The Toronto Raptors deserve an honorable mention on this list, since re-signing Fred VanVleet would create some financial issues for them. However, even if they let VanVleet walk, the Raps will need to find a way to shed some salary in order to avoid becoming a taxpayer. Toronto already has more than $126MM in guaranteed contracts on its 2018/19 books without accounting for VanVleet.

Photo courtesy of USA Today Sports Images.

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9 thoughts on “Four Teams Who Could Become Taxpayers By Re-Signing Key Free Agents

  1. Assuming they do re-sign Paul and Capella, and also Ariza to even a modest deal, the Rockets almost have to unload Anderson even if it means attaching a 1st to get it done (even two 1st’s if some team will swallow the contract whole). It’s almost always idiocy to “pay” (in draft picks) to get rid of a bad contract, but this would be an exception. In this case, having Anderson on the roster vs not could cost them up to 75 mm.

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    • madmanTX

      They tried already to get rid of Anderson’s contract with 2 number 1’s, but nobody wants to help out the Rockets. What value are the number 1 picks if the Rockets go on a championship run the next few seasons?

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      • Really? I didn’t hear of any such proposed deal. To who? Odd, since they weren’t a taxpayer last year, and they couldn’t trade a 1st until 2020 (that changes after this draft, when they could trade 2019 and 21). Honestly, knowing how Morey values draft picks, I can’t believe he would throw 2 away when it creates no cap space and he’s not even facing the luxury tax.

        Yes, the picks are likely not going to be high. That was the Nets rationale when they acquired Garnett and Pierce to go with DWill, JJ and Lopez.

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  2. rxbrgr

    By “release” candidates you mean stretch candidates, correct? Just releasing a player with contract as-is wouldn’t affect the team’s cap or tax numbers.

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    • Luke Adams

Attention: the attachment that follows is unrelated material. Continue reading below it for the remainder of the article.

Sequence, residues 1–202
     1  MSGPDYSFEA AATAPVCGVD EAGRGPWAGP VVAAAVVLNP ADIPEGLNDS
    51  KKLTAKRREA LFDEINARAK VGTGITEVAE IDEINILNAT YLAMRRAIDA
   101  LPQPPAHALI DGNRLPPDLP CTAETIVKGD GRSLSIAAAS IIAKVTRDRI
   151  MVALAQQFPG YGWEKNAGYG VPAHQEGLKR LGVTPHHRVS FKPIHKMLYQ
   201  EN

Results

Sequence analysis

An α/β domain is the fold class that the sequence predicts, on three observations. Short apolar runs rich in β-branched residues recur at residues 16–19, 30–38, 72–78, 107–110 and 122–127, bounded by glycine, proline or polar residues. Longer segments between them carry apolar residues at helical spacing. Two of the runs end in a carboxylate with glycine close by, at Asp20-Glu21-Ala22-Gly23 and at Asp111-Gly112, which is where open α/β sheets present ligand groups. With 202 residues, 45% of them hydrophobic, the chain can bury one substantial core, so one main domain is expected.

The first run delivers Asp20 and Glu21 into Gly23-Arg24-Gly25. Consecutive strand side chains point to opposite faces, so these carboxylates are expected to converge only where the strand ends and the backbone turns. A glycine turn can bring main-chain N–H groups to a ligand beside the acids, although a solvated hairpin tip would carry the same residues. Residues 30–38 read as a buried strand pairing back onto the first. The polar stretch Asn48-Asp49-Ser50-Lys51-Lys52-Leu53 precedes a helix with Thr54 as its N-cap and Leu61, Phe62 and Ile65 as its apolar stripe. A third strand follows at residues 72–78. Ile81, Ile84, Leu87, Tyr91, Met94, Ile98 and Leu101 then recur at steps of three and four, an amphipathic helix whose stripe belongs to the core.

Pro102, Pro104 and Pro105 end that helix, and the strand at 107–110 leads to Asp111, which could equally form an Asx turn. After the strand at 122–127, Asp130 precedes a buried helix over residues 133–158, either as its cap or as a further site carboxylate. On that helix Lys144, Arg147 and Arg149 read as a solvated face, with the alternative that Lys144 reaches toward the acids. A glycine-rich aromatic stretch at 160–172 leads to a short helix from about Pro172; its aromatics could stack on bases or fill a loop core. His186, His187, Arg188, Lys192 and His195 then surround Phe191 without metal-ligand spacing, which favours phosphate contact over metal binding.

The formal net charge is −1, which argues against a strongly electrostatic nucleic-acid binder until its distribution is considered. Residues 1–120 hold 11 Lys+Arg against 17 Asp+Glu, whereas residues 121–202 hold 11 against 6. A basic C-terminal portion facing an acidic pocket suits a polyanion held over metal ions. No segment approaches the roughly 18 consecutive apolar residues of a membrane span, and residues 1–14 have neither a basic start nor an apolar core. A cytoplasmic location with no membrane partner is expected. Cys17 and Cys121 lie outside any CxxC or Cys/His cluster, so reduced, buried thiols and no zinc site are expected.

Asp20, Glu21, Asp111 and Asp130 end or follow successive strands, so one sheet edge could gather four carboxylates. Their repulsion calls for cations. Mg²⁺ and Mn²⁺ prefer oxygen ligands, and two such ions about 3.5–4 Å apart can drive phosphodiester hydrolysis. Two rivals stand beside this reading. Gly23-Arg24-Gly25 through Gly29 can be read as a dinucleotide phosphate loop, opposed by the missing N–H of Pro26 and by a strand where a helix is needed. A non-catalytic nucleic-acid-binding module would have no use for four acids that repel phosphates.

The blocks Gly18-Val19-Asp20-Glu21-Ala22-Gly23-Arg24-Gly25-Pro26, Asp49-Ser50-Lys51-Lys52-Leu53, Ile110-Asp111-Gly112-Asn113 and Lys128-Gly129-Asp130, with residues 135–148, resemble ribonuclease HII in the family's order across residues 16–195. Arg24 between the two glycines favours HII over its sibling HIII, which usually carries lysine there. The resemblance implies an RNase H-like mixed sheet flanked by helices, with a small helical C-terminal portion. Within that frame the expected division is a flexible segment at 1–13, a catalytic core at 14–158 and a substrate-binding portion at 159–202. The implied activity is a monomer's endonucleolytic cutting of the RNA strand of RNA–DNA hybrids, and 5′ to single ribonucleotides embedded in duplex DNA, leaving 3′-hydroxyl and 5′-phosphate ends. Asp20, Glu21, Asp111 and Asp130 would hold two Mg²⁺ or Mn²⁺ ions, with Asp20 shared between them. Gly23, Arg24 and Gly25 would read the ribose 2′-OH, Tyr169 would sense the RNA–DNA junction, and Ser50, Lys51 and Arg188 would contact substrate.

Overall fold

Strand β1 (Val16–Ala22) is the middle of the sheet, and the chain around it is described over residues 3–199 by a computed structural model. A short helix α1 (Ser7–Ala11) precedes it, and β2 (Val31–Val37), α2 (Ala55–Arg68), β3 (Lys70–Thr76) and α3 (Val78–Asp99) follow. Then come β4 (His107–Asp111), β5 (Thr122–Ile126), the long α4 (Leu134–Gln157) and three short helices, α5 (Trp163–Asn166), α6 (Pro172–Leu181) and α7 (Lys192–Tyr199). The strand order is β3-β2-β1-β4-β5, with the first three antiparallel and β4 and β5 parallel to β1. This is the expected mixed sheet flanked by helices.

Yes, in any of these cases, stretching would be a given.

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  3. Stretching will help some, but it will continue putting them in the tax for likely 2 additional seasons (Paul, et. al, aren’t doing 1 year deals) wherein they incur repeater penalties on the tax, and other not so great restrictions on operating. That’s why this is one situation where a trade is preferable. Anderson, when healthy, isn’t a bad player, he just has a bad contract, and it’s only 2 seasons more.

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    • x%sure

      Of course trading is better, but all those names listed as “trade/release” have been offered before with no takers. With the exception of MHarkles– he had a fine year– but Portland is desperate, like CHAR with Marvin Williams & DET with ATolliver.

      One could add HOU’s RAnderson to that list but, some say nobody wants to help the Rockets. Did I read that at HR.

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  4. Denver must give some money to Jokic this year, the guy is been playing for less than 1,5MM this year, is ridiculous, they already saved tons on him, now is the time to pay him, otherwise he might just walk, & that would be the Nuggets biggest mistake ever, cannot see them recovering from that. Just pay him & then try to get rid of as many players as you can.

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  5. steve dolan

    Pelicans need a good ball handling, shooting point guard. They should trade Davis and Diallo for Celtics Irving and Morris